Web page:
From Great to Greater: Expanding Strong Early College Schools in Texas

Published sep. 29, 2017

Fifteen years ago, JFF, in collaboration with national partners, pioneered an innovative approach—now widely known as early college—to boost postsecondary success. Early colleges enable high school students to earn transferable college credit up to an associate’s degree at no cost to them or their families. This helps expand postsecondary opportunities for students who might not otherwise be able to afford soaring tuition costs.

Across the country, state and district education leaders are embracing early college as an effective strategy for helping students graduate from high school and prepare for and complete postsecondary education. In particular, Texas has emerged as a national leader in early college efforts. JFF recently partnered with the Texas Education Agency (TEA) to refine its statewide early college approach.

Refining the Early College Designation Process

Texas launched its first early college in 2004, and now has 198. Early colleges—which can be implemented as a program within a high school, a standalone early college high school, or a school located on a college campus—immerse students in academically rigorous classes, offer individualized supports, and enable high school students to acquire 60 college credits that count toward an associate’s degree. “Students are exposed to college coursework and accumulate meaningful credits that apply to a degree,” described Anna O’Connor, a senior program manager on JFF’s Pathways to Prosperity team.

TEA requires districts and colleges to apply to become a state-recognized early college campus—referred to as a designation process. The state education agency observed challenges related to this process, however. As an example, there was time-consuming paperwork for all interested applicants focused on design inputs rather than outcomes, making it difficult to identify which early colleges might need additional support. TEA was already working with JFF as part of the Pathways to Prosperity Network and decided to enlist its expertise in redesigning the designation process.

As a first step, JFF explored existing opportunities and challenges by deeply engaging early college leaders. Joel Vargas, Amy Loyd, Anna O’Connor, and Sarah Hooker spearheaded this collaborative work with TEA. Activities involved assisting TEA in preparing an informational webinar, conducting desk-based research, surveying 200 key stakeholders, and leading nearly 50 interviews and several focus groups. They also facilitated two meetings of a 15-member working group.

Through this intensive process, the Pathways to Prosperity team gathered rich insights that informed the development of five key recommendations. Among them are:

  1. Require one year of planning for new early college candidates. This period will involve working with a TEA-funded technical assistance provider.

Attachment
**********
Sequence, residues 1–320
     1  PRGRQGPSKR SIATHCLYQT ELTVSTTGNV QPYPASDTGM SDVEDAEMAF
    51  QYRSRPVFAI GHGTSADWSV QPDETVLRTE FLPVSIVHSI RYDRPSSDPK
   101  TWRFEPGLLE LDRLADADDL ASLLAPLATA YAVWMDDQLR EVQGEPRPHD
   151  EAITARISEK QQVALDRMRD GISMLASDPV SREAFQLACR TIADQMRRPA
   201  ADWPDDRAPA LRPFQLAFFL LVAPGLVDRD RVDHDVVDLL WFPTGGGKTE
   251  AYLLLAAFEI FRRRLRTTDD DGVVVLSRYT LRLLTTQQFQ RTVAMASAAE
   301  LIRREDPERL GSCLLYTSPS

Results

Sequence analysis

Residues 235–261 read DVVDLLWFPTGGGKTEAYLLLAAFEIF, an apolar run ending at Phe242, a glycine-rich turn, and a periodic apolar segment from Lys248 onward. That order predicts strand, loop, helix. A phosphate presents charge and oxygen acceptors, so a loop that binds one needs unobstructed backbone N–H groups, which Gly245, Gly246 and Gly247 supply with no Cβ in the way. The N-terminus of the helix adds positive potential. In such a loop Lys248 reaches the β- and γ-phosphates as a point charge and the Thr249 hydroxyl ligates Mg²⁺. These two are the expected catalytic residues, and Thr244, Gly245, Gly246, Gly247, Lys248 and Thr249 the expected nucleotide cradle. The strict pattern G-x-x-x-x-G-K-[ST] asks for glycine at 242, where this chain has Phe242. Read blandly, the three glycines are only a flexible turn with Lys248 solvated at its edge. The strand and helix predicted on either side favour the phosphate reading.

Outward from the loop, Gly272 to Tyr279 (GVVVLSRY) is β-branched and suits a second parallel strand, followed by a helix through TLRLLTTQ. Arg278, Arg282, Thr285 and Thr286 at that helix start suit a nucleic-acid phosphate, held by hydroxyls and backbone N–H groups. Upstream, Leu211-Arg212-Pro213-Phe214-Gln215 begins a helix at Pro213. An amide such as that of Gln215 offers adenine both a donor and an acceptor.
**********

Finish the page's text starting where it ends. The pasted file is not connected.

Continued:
2. Review outcomes-based measures annually and designate early college status based on access, achievement, and attainment metrics.
  3. Create three differentiated designation categories—provisional early college, early college, and distinguished early college—that must meet the same design elements and varying outcomes-based measures based on designation.
  4. Incorporate the outcomes-based measures into the Blueprint and require all early colleges to meet them. Early colleges should also demonstrate that they can implement the required design elements, which are structured to provide greater flexibility. As an example, a leadership team is required for all early colleges, but schools can determine factors such as its composition and meeting frequency.
  5. Phase in the requirements for existing early colleges to meet the outcomes-based measures.

TEA adopted all five recommendations, which will be implemented during the 2018-2019 academic year. JFF shared these recommendations at a recent statewide early college convening in Austin, Texas. “JFF was proud to continue its partnership with the state as its leaders continue to evolve and expand early college, and ensure that these schools achieve the results we’ve all come to expect as they grow,” said Joel Vargas, JFF's vice president of School and Learning Designs.

Top Three Lessons from the Lone Star State

  • Establish quality measures. As early college expands in a state, states may need to shift and recalibrate their support from ensuring schools have defined designed elements to tracking and using data for continuous improvement. In Texas’s case, early college grew rapidly under a designation process that focused more on new school startup before readjusting to include outcomes-based measures. While data collection varies from school to school, it’s important to use available data as a starting point.
  • One size doesn’t fit all. Early college initiatives work best when schools can select which type of model to implement, while meeting a consistent set of high standards.
  • Go big. State-led efforts can help ensure that districts and schools are equitably implementing an early college design for all students.

Texas exemplifies strong leadership in scaling an approach focused on measurably improving student outcomes. As Texas adapts its early colleges to further enhance opportunities for traditionally underserved students, JFF looks forward to sharing these promising practices with our state and regional partners.

For more information, visit the TEA website and the Texas Early College High School website.